Project Description

Description

Ife is regarded as the spiritual heartland of the Yoruba people living in Nigeria.  According to Yoruba myth, Ife is the center of the creation of the world and all mankind.   Ife is also considered the birthplace of some of the highest achievements of African art and culture, combining technical accomplishment with strong aesthetic appeal.   From the 12th to the 15th century, Ife flourished as a powerful and wealthy cosmopolitan city-state in West Africa, in what is now modern Nigeria. Today Ife remains a major spiritual and religious center for the Yoruba people.  Some of its shrines and groves are still in use and rituals to key gods are performed regularly.

Ife developed a refined and highly naturalistic sculptural tradition in stone, terracotta, and brass, to create a style unlike any in Africa at the time.  The human figures portray a wide cross-section of Ife society, and include depictions of youth, disease, and idealized crown royalty.

These figurative terracotta sculptures, which represent the largest group of works, capture the diverse nature of Ife society.  Several terracotta heads bear facial striations, suggesting cultural markings, while others depict women wearing regalia or jewelry, indicating high status.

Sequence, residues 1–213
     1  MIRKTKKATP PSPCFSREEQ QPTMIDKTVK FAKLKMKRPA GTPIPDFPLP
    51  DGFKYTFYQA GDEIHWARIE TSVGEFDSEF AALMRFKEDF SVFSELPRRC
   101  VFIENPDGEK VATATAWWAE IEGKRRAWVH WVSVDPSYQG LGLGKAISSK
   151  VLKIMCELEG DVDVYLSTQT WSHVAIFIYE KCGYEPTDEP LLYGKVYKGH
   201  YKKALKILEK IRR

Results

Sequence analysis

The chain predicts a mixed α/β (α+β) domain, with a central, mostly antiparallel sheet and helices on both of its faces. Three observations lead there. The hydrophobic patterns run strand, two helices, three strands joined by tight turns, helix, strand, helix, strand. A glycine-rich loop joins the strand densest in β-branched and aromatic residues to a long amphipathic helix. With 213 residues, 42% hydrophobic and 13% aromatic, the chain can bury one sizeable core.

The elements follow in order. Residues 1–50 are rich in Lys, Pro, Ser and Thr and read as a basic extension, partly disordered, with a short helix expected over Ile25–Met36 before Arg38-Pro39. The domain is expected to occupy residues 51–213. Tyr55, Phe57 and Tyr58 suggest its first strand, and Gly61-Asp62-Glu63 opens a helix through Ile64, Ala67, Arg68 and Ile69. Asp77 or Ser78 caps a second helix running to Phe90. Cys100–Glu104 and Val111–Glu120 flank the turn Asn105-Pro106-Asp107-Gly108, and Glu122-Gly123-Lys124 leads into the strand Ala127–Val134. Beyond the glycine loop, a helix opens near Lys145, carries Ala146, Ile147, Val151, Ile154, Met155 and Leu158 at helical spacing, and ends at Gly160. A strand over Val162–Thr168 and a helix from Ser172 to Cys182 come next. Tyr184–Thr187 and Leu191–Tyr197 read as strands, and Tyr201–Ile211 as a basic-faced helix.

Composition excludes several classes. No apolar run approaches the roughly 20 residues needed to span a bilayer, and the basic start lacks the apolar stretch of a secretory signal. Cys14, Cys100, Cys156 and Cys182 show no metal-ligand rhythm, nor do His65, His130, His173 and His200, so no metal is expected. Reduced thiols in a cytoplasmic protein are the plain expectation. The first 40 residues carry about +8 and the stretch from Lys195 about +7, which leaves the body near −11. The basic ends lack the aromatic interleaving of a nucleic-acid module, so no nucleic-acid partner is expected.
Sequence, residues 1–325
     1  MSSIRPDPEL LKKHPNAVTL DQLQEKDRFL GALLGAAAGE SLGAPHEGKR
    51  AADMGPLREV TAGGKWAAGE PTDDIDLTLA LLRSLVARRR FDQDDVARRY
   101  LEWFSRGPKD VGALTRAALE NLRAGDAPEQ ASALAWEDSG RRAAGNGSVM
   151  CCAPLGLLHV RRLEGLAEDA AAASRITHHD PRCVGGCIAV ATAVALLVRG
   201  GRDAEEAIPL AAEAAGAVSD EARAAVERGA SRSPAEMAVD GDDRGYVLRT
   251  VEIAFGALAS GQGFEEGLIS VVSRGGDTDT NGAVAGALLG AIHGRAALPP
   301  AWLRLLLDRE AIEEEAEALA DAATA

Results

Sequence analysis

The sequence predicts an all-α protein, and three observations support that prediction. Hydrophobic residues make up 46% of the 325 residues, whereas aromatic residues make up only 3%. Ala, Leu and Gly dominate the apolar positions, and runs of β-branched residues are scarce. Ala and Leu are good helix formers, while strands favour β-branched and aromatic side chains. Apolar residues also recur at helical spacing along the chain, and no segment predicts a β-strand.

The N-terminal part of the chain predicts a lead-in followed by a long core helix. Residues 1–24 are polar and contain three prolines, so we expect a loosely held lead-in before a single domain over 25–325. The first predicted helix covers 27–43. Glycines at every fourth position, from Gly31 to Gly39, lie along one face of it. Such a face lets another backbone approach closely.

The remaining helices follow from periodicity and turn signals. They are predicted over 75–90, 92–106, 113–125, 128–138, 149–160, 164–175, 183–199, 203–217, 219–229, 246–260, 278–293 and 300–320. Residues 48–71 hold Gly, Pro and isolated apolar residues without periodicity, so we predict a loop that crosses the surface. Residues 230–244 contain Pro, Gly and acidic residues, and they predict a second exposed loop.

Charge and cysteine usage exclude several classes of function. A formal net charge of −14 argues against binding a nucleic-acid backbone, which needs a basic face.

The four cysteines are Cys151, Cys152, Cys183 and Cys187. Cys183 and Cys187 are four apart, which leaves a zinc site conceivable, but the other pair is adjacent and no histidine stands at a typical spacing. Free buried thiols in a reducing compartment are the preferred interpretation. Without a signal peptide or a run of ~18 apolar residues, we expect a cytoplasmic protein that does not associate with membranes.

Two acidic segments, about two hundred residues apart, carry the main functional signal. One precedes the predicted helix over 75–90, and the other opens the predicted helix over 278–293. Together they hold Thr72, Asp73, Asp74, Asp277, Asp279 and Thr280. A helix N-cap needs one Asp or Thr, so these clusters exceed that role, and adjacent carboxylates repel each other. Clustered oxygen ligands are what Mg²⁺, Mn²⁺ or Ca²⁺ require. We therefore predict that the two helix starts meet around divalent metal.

“…these heads are believed to be associated with the coronation or the accession rituals of new rulers of Yoruba city-states, which owed allegiance to Ife.”

Ife terracotta art constitutes a large and diverse corpus of structural works that include sculptures and vessels depicting human, animal, and other-worldly subjects.  The art-historical importance of Ife works lies in their highly developed and distinctive sculptural style, described alternatively as naturalistic, portrait-like, and humanistic.  These include human heads and figures depicting idealized crowned royalty.  The delicately rendered vertical facial striations that appear on many of the sculptures represent scarification patterns native to the Yoruba people.

In the Yoruba tradition, women are the clay workers.  They produce both sacred and secular pieces.